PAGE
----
Medical Assisting Overview – Degrees and Career Paths

Medical assistants are healthcare professionals that ensure that the facility in which they work is running efficiently, according to the Bureau of Labor Statistics’ 2010-2011 Occupational Handbook (BLS). They may perform administrative as well as clinical tasks in physicians’, chiropractors’ and podiatrists’ offices. Overall, the exact duties medical assistants perform may vary based on the type of facility in which they work.

 

What types of medical assistants are there?

Professionals in this field may be administrative, clinical, ophthalmic or podiatric medical assistants, according to the BLS.  Administrative medical assistants perform tasks such as filing patients’ medical records, completing insurance forms and arranging hospital admissions. These professionals may also do secretarial work, such as answering phones, scheduling appointments, bookkeeping and greeting patients.

The tasks that clinical medical assistants are allowed to perform depend on state regulations. However, generally these professionals do things like explain treatment procedures to patients, record vital signs and help patients get ready for exams. They may also be responsible for sterilizing medical equipment, collecting laboratory specimens and removing contaminated supplies.

Ophthalmic medical assistants work in a more specialized environment. These professionals work in eye care and assist ophthalmologists. Generally they complete tasks such as conducting diagnostic tests, measuring patients’ vision and testing the function of the eye muscle.

Podiatric medical assistants also work in a specialized field. They assist podiatrists and often do things like make castings of patients’ feet, help podiatrists during surgeries and expose and develop X-rays, according to the BLS.

 

What degree is required to become a medical assistant?

Most medical assistants are required to finish a one- or a two-year program in the field, the BLS reports. These programs are generally offered at vocational schools as well as junior and community colleges. Individuals who go to one of these institutions typically enroll in one-year courses of study and earn either a certificate or a diploma upon graduation.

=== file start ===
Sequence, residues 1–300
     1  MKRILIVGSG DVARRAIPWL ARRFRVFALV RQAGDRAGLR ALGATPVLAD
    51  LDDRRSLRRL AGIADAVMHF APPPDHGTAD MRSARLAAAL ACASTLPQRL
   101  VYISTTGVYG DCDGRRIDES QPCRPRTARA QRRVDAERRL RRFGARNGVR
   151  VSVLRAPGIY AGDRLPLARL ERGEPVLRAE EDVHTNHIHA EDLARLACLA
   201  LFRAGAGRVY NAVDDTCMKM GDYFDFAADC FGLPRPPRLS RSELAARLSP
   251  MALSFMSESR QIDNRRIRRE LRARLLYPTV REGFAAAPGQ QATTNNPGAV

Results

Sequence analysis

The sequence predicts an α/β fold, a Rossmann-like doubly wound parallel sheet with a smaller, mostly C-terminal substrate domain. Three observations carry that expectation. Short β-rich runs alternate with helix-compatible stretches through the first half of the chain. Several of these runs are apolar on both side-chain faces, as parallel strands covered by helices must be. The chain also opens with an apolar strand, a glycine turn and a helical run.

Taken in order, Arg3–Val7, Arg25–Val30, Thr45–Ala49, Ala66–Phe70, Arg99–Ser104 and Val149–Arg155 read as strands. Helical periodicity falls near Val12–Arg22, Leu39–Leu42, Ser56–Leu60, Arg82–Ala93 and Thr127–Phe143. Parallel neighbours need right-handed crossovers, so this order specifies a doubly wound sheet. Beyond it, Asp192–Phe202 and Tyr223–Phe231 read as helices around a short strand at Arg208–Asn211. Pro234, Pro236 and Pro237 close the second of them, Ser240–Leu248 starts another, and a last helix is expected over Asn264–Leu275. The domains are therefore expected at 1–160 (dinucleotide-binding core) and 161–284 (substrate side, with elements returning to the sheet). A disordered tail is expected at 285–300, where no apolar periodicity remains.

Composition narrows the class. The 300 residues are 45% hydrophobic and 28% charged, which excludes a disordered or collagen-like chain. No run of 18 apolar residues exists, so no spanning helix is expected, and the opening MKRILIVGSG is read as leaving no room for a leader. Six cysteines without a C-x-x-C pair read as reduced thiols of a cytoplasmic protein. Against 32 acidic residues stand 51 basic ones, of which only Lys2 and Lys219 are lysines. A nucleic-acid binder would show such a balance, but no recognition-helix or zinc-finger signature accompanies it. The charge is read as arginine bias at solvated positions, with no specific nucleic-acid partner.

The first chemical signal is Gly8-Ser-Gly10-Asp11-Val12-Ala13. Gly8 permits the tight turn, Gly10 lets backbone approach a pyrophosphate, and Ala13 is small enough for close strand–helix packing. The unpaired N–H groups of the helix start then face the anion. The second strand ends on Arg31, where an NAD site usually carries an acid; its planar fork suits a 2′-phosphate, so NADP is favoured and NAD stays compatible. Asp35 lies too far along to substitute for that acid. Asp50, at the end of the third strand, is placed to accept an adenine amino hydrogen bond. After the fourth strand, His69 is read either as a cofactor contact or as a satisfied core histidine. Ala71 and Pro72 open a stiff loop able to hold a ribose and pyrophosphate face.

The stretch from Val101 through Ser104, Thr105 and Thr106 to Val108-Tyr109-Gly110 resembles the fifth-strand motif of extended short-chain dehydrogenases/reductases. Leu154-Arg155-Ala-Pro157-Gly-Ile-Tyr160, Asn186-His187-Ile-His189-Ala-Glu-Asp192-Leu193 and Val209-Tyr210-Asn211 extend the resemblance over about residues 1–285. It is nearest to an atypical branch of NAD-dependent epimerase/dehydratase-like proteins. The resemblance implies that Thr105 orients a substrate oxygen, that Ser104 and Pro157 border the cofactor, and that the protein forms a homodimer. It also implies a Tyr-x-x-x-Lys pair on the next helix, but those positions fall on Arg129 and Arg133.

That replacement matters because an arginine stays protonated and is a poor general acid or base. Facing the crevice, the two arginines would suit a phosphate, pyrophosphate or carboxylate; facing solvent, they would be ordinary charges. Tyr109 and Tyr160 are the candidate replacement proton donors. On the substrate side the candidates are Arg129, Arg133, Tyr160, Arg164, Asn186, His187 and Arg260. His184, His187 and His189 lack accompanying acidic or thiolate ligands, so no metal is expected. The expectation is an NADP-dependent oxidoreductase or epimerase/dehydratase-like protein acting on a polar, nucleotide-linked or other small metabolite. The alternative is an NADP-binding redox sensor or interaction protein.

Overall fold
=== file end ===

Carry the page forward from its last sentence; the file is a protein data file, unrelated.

Students who enroll in a medical assistant program can expect to study subjects such as transcription, accounting, medical terminology, anatomy and physiology, according to the BLS. These courses can teach participants necessary skills, including first aid, laboratory techniques and pharmaceutical principles. Many people who enroll in these classes may also be required to complete an internship in order to gain professional experience.

Although it is not required by most employers, some medical assistants decide to get a certification to show that they are experienced in the field. There are many organizations that offer these types of certificates, including the American Association of Medical Assistants. Overall, earning this credential may lead to a higher salary as well as advanced employment opportunities.

 

What will the future of the industry look like?

According to the BLS, individuals who become medical assistants might be able to find many jobs in the future. Employment opportunities in the field are expected to increase by 34 percent in the next seven years, which is much faster than average for all occupations.

This field is expected to grow rapidly for many reasons. For example, as conditions like obesity and diabetes become increasingly common, more physicians will be needed to treat them. In order to allow doctors to help as many patients as possible, a large number of medical assistants will be needed. Additionally, these professionals tend to work in primary care offices, which are drastically expanding as more Americans have access to healthcare.

 

How much do medical assistants typically make?

According to PayScale’s 2011 National Pay Data, medical assistants who work on an hourly rate tend to earn between $9.66 and $16.61 per hour, with overtime pay ranging between $12.67 and $25.04 per hour. Professionals who work on salary can make between $20,118 and $36,190 per year, on average.

 

 

*Source Reference: U.S. Bureau of Labor Statistics. http://www.bls.gov